Workers Shouldn’t Shoulder Disproportionate Burden in Inflation Fight
Happy days must be here again with the chorus of good economic news. Last Wednesday, Federal Reserve Chair Jerome Powell chronicled current conditions and outlined the direction ahead. After flat GDP in 2022, growth is returning with modest expansion expected for the year! On Friday, the jobs report dropped word that the 263,000 jobs created in November exceeded expectations! Wage growth (annualized) equaled the core inflation rate! After 2 ½ years of near chaos, pandemic-induced supply chain bottlenecks are finally easing! Even the price of gasoline is dropping like a rock!
Happy days, however, will not arrive any time soon. Those promising trends are “harshing the mellow” of some macroeconomists and the real power players, portending bleak choices that will yield dreary outcomes. Powell concludes that “nominal wages have been growing at a pace well above what would be consistent with 2 percent inflation over time.” His plan initially sounds vague — “to raise interest rates to a level sufficiently restrictive to return inflation to 2 percent.” During 2022, the Fed raised interest rates from 0.25% to 4%. That run up will continue and may accelerate. The call for an outsized 0.75% rate push at the Fed’s December conclave is growing from the inflation hawks.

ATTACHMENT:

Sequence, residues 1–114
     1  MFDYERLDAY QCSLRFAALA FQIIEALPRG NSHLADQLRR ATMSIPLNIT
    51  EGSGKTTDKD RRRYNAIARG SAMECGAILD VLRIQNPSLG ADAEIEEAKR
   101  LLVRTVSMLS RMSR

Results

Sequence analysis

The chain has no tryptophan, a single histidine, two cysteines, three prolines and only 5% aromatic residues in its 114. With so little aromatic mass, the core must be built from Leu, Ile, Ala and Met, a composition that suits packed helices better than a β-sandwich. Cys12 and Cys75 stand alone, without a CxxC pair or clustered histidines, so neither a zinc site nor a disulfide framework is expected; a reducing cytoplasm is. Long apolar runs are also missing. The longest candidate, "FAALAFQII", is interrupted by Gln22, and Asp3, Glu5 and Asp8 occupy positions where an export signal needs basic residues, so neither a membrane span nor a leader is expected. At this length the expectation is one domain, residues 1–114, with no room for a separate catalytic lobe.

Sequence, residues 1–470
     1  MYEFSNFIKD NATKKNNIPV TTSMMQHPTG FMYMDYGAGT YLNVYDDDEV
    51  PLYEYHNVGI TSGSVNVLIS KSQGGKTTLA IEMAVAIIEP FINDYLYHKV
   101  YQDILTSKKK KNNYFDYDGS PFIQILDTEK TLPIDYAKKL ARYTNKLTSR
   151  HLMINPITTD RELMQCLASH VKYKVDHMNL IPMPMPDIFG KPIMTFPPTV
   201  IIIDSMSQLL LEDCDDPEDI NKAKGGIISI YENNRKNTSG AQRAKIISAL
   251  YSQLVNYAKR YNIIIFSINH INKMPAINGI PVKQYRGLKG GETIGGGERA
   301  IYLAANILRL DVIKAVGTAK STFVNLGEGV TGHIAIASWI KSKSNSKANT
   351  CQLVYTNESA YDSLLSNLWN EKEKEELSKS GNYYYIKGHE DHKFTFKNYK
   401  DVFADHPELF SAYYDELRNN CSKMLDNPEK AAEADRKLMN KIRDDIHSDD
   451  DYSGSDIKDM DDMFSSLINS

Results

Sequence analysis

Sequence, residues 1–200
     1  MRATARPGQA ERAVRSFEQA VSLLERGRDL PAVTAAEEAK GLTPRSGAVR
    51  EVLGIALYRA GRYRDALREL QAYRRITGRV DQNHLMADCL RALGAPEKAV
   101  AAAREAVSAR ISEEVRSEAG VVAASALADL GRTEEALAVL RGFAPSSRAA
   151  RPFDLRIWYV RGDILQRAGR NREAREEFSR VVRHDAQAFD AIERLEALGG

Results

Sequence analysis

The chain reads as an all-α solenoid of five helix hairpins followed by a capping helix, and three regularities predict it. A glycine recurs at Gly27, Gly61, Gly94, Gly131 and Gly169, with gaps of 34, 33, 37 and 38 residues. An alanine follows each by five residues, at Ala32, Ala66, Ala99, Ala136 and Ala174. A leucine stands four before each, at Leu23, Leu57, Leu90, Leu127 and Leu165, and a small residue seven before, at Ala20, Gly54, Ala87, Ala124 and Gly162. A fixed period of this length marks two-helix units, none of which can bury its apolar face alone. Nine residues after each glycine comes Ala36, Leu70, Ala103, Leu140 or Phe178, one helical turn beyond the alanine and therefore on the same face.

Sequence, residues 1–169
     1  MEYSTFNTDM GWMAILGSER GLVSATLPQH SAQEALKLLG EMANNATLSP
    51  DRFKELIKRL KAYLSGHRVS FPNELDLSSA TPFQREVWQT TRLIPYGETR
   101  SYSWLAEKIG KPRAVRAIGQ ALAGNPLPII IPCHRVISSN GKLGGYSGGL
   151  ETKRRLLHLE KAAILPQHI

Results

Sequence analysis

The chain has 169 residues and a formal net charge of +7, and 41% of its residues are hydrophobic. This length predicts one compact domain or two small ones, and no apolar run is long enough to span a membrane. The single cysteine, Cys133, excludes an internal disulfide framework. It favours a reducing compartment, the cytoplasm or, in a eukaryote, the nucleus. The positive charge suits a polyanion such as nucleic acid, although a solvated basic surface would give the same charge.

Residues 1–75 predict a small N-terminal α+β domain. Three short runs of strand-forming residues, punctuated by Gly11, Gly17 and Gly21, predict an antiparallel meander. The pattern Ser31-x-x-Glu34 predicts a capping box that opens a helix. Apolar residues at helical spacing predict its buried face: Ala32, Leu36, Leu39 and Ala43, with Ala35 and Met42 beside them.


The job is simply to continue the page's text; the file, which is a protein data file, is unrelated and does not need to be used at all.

As interest rates rise, the likelihood of a bruising recession grows in parallel. But policymakers evidence biases — about underlying facts and a range of inflation treatments. Their preferred approach may eventually control inflation, but only with enormous consequence for workers, the poor, and near poor. Let’s review three facts and consider three categories of policy options.
Fact 1: Workers’ incomes are barely keeping even with the cost of living. Wages are not skyrocketing, nor are they a primary cause of inflation. Raising interest rates to cause a recession to control inflation is choosing sides against workers and their communities. Between September 2019 and 2022, the Consumer Price Index (CPI) rose by 7.5% on an annual average basis. Wages were up too, but not enough to fully offset inflation. (Chart 1) In fact, workers did better against inflation prior to the pandemic. Between 2013-2019, median weekly earnings grew ahead of inflation.
The people bearing the burdens of low-wage work are women and/or Black and Latinx. Black and Latina women would barely make $40,000 a year if they were paid the median usual earnings for 52 weeks per year (an optimistic assumption). That is above poverty, however, it is only about half of the “living wage” in many states and cities for a family with two children and one wage earner. (Chart 2)
Fact 2: Workers don’t thrive in good times and are often battered by a sour economy. Rich households do well in good times and bad. Too many jobs pay at or near poverty. Workers’ families are not the source of the excess demand pushing inflation. They are not prepared to weather inflation and a recession will exacerbate their struggles. The income of the rich is rising faster than the cost of living. The bottom two fifths of the household income distribution achieved at best modest gains before the pandemic, and they lagged badly behind in the past two years. The top fifth enjoyed robust pre-pandemic gains and garnered even larger increases in the past two years.